Monday, July 8, 2013

how to move 32 tons of hay by hand

first cut on the large hayfield

OK, so that might be a slight exaggeration - we only moved 16 tons of hay - 32,520 pounds give or take, 542 60# bales.

But we moved them all twice.  Once off the field stacked into the trailer, then off the trailer stacked into the haymow.

all the hay cut

So I count both times.

And so do my arms.  And legs.  And back.  And knees.

all the hay raked into windrows in preparation for baling

And that was only roughly 1/3 of the hay that came off our roughly 17 acres of pasture with this first crop.  The other 2/3 were taken in large rounds and small bales in exchange for getting the cutting/raking/baling for free. 

But I can't say we did it all ourselves. we'd still be stacking bales if it weren't for the incredibly generous offer of friends who showed up on the 4th of July and spent their entire holiday helping us out.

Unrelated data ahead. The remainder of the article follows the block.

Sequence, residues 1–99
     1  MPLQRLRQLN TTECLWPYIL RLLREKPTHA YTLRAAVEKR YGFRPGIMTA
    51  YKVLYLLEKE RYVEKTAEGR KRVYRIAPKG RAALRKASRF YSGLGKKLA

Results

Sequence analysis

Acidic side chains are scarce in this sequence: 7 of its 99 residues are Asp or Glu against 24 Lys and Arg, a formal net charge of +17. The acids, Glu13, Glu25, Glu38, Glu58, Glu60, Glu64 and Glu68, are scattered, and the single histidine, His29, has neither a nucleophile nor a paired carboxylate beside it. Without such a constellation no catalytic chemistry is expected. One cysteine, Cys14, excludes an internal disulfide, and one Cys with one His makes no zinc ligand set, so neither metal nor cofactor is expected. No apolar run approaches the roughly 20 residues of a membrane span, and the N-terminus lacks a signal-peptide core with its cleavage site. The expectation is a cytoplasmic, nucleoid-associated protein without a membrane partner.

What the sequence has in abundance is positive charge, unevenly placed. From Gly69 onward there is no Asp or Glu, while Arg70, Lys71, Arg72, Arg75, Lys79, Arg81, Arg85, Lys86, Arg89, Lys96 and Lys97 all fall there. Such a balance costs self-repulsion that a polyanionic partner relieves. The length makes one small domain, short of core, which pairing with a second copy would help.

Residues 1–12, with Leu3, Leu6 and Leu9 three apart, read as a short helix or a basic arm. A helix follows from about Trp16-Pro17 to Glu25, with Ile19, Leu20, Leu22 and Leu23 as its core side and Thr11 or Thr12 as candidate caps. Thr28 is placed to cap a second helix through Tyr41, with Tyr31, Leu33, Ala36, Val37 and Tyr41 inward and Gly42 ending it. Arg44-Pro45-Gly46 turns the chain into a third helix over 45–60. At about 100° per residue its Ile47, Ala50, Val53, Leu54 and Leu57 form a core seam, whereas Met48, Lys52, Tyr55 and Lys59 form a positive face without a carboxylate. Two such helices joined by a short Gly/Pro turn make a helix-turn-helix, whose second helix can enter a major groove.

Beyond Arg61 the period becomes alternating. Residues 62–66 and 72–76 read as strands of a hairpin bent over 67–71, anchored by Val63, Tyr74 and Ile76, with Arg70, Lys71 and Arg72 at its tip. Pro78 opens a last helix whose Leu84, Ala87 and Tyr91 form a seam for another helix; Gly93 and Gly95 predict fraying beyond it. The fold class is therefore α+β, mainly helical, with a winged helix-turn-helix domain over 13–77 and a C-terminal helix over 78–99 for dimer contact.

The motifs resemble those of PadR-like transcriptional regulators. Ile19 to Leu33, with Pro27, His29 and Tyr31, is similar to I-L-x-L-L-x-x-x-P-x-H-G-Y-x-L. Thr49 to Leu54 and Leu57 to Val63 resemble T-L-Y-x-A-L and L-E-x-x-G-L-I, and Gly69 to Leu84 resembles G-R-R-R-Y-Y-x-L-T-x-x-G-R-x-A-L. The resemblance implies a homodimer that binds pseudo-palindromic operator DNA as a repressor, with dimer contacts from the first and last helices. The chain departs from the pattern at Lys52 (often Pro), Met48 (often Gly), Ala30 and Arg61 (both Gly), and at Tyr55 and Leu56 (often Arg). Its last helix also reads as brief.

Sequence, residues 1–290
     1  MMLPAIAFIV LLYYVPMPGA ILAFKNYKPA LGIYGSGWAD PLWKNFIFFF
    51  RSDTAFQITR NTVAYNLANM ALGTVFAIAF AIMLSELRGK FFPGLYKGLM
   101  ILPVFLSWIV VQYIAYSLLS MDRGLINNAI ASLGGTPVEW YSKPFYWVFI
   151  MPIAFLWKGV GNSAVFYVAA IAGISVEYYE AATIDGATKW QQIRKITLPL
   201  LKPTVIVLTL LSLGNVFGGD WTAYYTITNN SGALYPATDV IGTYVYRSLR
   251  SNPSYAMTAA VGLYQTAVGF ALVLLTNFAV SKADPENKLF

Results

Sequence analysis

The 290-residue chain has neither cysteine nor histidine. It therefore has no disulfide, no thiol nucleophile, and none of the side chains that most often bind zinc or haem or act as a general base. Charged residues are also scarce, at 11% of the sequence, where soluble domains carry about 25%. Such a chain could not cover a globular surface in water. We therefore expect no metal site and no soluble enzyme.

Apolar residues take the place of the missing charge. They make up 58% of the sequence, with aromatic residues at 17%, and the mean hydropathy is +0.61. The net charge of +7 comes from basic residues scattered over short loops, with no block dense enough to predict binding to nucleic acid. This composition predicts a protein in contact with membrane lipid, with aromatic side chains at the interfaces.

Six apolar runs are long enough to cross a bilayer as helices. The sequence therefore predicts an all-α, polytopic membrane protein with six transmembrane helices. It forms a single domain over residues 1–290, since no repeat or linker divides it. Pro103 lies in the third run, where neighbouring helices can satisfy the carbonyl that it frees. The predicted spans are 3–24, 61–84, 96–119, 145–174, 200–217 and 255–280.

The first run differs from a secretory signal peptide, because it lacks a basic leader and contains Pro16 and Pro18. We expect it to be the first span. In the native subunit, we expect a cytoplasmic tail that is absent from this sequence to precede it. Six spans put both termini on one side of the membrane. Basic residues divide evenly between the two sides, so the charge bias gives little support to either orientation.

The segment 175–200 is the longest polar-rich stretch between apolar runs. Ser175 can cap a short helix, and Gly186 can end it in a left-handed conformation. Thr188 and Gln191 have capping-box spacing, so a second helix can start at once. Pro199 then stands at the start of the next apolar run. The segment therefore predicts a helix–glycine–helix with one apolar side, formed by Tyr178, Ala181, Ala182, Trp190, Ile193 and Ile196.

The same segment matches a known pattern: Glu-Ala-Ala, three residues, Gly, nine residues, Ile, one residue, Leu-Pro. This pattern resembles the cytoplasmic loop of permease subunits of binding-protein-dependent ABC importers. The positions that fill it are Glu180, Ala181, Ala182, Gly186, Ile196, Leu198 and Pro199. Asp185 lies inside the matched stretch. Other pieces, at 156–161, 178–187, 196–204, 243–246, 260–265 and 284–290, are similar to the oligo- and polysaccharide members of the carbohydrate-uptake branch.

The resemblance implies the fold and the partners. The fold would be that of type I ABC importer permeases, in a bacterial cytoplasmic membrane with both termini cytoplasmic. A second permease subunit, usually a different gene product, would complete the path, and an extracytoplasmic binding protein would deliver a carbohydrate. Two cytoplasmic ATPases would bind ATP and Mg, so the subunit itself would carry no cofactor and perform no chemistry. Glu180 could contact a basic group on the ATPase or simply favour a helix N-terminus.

popping out a round bale

And then, if that weren't generous enough, two days later came back to help us finish.

I nearly cried when I saw them pulling down the driveway hauling a load of our hay off the field before we were even done with morning chores.

the Blue Slate toms discuss the recent hay crop

{cried in a good way, not in a "i-don't-want-to-see-another-bale-of-hay" way.}

{or maybe it was both.} 

full haymow

So finally, after 4 or so days of it, the task was finished, the haymow stacked to overflowing, and we could rest our weary bones.

Until a day later, when I had to haul 288 pounds of chickens to the processor.

Kali yawns in the haymow

Cheers -
Gypsy Farmgirl moves hay by hand


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